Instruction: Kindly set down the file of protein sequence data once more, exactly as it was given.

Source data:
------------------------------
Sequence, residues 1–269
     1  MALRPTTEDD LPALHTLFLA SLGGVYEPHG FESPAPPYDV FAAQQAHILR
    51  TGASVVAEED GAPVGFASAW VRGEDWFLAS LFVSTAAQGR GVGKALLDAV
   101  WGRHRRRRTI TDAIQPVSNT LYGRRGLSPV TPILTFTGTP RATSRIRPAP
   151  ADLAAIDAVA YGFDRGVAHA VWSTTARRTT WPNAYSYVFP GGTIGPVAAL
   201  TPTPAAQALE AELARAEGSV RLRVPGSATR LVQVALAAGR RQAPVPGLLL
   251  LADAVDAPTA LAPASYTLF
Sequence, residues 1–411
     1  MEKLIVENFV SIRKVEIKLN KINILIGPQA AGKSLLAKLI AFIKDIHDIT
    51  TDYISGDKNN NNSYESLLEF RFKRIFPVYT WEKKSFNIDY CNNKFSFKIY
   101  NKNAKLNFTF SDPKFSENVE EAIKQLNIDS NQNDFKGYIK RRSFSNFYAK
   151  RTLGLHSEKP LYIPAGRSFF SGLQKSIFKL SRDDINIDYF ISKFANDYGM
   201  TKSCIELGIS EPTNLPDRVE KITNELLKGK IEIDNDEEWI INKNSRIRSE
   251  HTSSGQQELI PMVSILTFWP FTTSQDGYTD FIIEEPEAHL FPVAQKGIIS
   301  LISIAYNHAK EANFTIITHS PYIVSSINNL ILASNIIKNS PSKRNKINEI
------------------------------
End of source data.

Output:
Sequence, residues 1–269
     1  MALRPTTEDD LPALHTLFLA SLGGVYEPHG FESPAPPYDV FAAQQAHILR
    51  TGASVVAEED GAPVGFASAW VRGEDWFLAS LFVSTAAQGR GVGKALLDAV
   101  WGRHRRRRTI TDAIQPVSNT LYGRRGLSPV TPILTFTGTP RATSRIRPAP
   151  ADLAAIDAVA YGFDRGVAHA VWSTTARRTT WPNAYSYVFP GGTIGPVAAL
   201  TPTPAAQALE AELARAEGSV RLRVPGSATR LVQVALAAGR RQAPVPGLLL
   251  LADAVDAPTA LAPASYTLF
Sequence, residues 1–411
     1  MEKLIVENFV SIRKVEIKLN KINILIGPQA AGKSLLAKLI AFIKDIHDIT
    51  TDYISGDKNN NNSYESLLEF RFKRIFPVYT WEKKSFNIDY CNNKFSFKIY
   101  NKNAKLNFTF SDPKFSENVE EAIKQLNIDS NQNDFKGYIK RRSFSNFYAK
   151  RTLGLHSEKP LYIPAGRSFF SGLQKSIFKL SRDDINIDYF ISKFANDYGM
   201  TKSCIELGIS EPTNLPDRVE KITNELLKGK IEIDNDEEWI INKNSRIRSE
   251  HTSSGQQELI PMVSILTFWP FTTSQDGYTD FIIEEPEAHL FPVAQKGIIS
   301  LISIAYNHAK EANFTIITHS PYIVSSINNL ILASNIIKNS PSKRNKINEI